Here is how the nut is hot glued on the inside of the box.

And how the winning screws meet up with their nuts.

And here we have some action shots. Since the boys got screwdrivers and tape measures in their tool belts, they had fun using their tape measures to measure the box and having their own screw drivers to use on the screws. 

Oscar's turn.

Aaron's turn.  I held the pinata still for them while they took a screw out and then after each screw I gave the box a good shake up and down so they could see if they got the right one.

When they got the last screw out I gave it a shake and everything poured out. (And kudos to Jeremy for getting this action shot - what are the chances?)

The blur of action as the boys dive for candy and toys.  Some of the things in the pinata (mostly from the dollar tree): mini composition notebooks, keychain lights, bunch balls, peanuts, cookies, pixie stix and other candy. 


S.M.A.R.T. - Cold Salad - Easy Broccoli Salad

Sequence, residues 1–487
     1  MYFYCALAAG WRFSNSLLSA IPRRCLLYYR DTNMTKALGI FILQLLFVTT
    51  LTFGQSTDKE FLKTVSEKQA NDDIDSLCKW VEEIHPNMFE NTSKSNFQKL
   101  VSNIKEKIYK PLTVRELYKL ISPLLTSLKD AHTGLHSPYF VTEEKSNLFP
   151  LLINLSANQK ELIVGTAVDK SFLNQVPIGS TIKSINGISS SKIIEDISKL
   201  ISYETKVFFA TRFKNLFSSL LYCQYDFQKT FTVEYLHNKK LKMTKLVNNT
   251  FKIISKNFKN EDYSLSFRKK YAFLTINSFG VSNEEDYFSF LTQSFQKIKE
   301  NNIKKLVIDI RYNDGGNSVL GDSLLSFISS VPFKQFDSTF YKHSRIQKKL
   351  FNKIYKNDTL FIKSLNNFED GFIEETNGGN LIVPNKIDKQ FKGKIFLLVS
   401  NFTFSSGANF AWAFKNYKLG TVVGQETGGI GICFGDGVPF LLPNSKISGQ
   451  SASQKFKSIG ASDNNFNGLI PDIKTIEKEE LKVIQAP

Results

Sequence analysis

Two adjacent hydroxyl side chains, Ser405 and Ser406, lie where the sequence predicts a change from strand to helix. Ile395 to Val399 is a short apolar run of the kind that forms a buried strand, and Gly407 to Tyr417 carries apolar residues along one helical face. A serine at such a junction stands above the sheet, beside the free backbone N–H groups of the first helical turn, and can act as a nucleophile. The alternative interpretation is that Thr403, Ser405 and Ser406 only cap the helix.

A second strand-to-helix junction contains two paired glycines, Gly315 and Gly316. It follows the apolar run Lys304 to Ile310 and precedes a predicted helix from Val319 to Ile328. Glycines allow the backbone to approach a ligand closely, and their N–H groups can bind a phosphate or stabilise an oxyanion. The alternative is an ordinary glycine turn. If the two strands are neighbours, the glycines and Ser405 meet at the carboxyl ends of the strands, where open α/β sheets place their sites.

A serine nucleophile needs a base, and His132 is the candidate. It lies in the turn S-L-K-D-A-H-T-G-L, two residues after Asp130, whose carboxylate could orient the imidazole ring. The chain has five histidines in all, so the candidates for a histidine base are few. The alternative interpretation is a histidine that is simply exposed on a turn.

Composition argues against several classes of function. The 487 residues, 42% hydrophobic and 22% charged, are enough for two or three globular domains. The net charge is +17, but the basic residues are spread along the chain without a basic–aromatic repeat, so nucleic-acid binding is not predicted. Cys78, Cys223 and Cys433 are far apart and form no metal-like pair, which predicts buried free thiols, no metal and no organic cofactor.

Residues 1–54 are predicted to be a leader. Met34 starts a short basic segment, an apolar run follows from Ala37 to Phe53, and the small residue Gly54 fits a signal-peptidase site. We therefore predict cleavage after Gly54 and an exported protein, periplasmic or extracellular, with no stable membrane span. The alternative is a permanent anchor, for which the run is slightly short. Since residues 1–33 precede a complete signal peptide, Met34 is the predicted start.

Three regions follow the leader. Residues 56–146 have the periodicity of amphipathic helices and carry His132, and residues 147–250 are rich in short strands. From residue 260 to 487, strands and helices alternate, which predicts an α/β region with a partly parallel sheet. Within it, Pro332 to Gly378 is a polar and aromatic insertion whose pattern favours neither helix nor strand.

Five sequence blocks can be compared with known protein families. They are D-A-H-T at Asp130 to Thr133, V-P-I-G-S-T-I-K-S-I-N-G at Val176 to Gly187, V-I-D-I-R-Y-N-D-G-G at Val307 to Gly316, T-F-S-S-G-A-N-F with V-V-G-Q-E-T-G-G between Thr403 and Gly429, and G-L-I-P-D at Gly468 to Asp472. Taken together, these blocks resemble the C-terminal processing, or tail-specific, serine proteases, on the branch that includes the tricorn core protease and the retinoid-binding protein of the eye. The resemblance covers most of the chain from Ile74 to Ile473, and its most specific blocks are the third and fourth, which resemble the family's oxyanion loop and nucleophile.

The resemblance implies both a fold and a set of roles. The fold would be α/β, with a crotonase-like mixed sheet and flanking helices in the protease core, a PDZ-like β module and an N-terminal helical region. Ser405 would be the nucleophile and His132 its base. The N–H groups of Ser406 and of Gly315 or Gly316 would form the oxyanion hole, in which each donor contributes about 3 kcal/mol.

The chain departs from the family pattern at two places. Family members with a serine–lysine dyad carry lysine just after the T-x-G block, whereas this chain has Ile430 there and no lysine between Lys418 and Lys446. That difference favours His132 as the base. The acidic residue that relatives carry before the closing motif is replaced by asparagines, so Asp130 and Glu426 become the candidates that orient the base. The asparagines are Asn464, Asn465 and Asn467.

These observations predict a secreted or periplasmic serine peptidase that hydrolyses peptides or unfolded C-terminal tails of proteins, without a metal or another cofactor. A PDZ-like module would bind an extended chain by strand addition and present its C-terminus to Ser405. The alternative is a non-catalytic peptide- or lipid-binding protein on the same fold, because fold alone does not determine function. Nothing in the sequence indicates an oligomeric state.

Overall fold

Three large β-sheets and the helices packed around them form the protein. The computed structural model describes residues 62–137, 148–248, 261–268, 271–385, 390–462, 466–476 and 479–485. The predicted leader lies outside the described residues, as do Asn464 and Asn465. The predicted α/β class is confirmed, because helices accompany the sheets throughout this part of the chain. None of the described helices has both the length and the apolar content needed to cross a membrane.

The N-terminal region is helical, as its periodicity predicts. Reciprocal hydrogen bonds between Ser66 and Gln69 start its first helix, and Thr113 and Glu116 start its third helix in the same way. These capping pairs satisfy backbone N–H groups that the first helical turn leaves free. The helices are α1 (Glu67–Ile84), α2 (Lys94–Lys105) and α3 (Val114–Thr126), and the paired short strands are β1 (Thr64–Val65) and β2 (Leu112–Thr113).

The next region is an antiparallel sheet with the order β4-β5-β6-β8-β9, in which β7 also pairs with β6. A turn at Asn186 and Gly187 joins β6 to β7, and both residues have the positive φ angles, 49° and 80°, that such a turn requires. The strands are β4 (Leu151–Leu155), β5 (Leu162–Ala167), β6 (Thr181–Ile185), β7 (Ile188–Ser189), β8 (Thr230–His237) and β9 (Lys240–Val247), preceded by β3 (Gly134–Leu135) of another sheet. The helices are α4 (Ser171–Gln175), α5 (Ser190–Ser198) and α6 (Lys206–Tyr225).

A couple ladies that I watch on YouTube have started a series of videos where they share a recipe on a specific topic each week and invite others to reply with their own videos. It's called S.M.A.R.T. - Sharing Meals and Recipes Together, and here is the introduction video. The topic this week is "cold salads" and I thought I'd join in with this broccoli salad we eat nearly EVERY week per Oscar's request. Since I don't vlog, this will have to do!

This is our speedy/easy version of broccoli salad that we can still whip up if we've both been at work all day.  Sometimes we'll tag team it - one of us chops broccoli while the other mixes dressing and toasts almonds.  Oscar used to want pizza and green beans every week - now it's pizza and broccoli salad.  We start with 2-3 crowns of broccoli chopped up to bite size pieces.

In your salad bowl, mix 1/4 cup extra virgin olive oil, 1/8 cup apple cider vinegar, 1/8 cup agave nectar (or honey or sugar or [insert sweetener here]), salt, pepper, and a few dashes of hot sauce.  This isn't precise at all - usually I do a bit extra vinegar with a little less agave. Mix it up.

Add the chopped broccoli and a couple handfuls of dried cranberries.

Toast some sliced almonds (and here is where I usually start doing something and completely forget about the almonds, burning at least half of them.)

Toss the almonds in - burnt or not - and mix it up. Serve and enjoy! If your salad is going to be ready before the rest of your meal, chill it for awhile and add the almonds at the last minute.

Tool Box Cake